[I]n the course of life’s seasons, we need to have spiritual conversations with people who are good listeners. Let me be clear here, most people are not good listeners. They listen for facts not feelings. They listen for what they hope to hear. They listen when it may not cost them something.
A spiritual conversation is a reciprocal dialogue between two people where thoughts, opinions and feelings are shared and received. It’s two-way. Not one way.
People who have gone through major transitions—and others who have encountered loss—need good listeners. But what is necessary to be someone who listens well, to be someone who nurtures spiritual conversations? How about compassion and empathy and comfort?
Following is a list of words that I associate with good listeners. We all know what the words mean, but we’ve become fairly complacent in using them. Therefore, as a way to jumpstart our thinking and to help us do a better job of living them out, I’m pairing them with the literal meanings from their origins (with the help of the Online Etymology Dictionary and other resources). My intent is not to “correct” their modern definitions but simply to give depth to what we already know.
For instance, today a companion is a friend or partner. But the word companion is formed from two parts that originally meant “with” and “bread.” So a companion was someone who shared a meal with another. Even now we understand the link between sharing food and sharing our hearts. Here’s what Smith says about companionship:
I wrote in The Jesus Life that spiritual conversations take place at the table where we eat our meals. . . . It’s never an intent when you ask someone for lunch–to share protein, carbs and water with someone. No, when you ask someone for lunch, you’re really meaning, “Hey, let’s get together so we can share what’s been going on in our lives. It’s been too long. How about next Tuesday at noon at the deli?” That’s the stuff of conversations where hearts connect and souls meet and people who are lonely become spiritual companions.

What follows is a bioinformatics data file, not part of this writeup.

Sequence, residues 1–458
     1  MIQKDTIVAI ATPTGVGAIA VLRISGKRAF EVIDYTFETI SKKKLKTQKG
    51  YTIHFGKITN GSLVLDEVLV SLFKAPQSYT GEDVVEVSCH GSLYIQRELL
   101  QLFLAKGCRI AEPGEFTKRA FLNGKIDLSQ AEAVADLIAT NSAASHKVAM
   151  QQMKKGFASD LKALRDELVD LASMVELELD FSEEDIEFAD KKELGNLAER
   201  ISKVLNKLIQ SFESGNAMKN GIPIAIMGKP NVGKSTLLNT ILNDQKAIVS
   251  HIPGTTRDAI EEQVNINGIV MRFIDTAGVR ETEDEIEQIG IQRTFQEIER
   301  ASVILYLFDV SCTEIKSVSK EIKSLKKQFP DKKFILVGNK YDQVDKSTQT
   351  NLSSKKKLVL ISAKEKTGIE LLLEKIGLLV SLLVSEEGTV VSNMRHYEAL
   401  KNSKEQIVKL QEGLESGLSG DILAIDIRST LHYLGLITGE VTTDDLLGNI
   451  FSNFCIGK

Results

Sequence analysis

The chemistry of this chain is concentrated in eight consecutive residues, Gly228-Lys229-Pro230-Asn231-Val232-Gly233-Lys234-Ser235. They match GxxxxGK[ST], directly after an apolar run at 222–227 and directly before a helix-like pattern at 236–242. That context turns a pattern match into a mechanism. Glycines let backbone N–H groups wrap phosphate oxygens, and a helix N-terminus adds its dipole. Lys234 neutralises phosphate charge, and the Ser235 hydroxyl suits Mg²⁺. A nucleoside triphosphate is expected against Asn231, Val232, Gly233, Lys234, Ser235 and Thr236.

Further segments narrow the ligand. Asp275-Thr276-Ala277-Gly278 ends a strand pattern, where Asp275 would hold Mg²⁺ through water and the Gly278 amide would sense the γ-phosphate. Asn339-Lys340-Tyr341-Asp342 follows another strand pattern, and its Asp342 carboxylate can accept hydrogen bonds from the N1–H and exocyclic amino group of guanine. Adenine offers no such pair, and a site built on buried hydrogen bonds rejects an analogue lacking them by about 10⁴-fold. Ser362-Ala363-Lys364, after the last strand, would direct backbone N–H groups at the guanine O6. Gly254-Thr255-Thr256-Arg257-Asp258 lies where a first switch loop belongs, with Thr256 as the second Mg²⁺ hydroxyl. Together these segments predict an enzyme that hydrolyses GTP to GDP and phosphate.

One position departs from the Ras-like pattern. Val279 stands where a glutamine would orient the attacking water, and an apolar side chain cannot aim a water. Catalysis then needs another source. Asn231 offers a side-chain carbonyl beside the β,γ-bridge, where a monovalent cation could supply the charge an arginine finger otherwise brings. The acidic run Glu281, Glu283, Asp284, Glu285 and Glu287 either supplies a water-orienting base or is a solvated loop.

Now, here’s the rest of my list:
acknowledge: “to admit understanding or knowing”
from a blending of Old English on, “into,” and cnawan, “recognize,” with Middle English knowlechen “admit”
affirm: “to strengthen”
from Latin ad, “to,” plus firmare, “make firm”
advocate: “someone called to help or plead”
Latin ad plus vocare, for “to” and “to call”
comfort: “to strengthen much”
Late Latin com, “very,” and fortis, “strong”
commiserate: “to lament with”
from Latin com, “with,” and miserari, “to feel pity”
communicate: “to make common”
from Latin commun, “common,” plus the verb suffix icare
companion: “eating partner”
Latin com, “with,” and panis, “bread, food”
compassion: “a suffering with”
Latin com and pati, meaning “with” and “to suffer”
concern: “a sifting” or “comprehension”
from Latin com, “with,” and cernere, “to sift”
confide: “to trust strongly”
Latin com plus fidere, meaning “very” and “to trust”
console: “to give much comfort or solace”
from Latin com, “very,” and solari, “to comfort”
contact: “to touch with”
from Latin com, “together,” and tangere, “to touch”
conversation: “a turning with”
Latin com, meaning “with,” and vertare, meaning “turn about”
empathy: “a feeling in”
Greek en and pathos, meaning “in” and “feeling”
encourage: “to add heart or bravery”
Old French en, “make, put in,” and corage, “heart, innermost feelings”
sympathy: “a feeling together”
Greek syn, “together,” plus pathos, “feeling”
understand: “to stand in the midst of”
Old English under, “between, among,” plus stand
May we better understand these ideas and, in so doing, better understand each other. May we put them into practice. May we all become better companions . . . and better listeners.
(“Steve Smith, “The Power of a Spiritual Conversation,” Steve and Gwen Smith, September 26, 2012)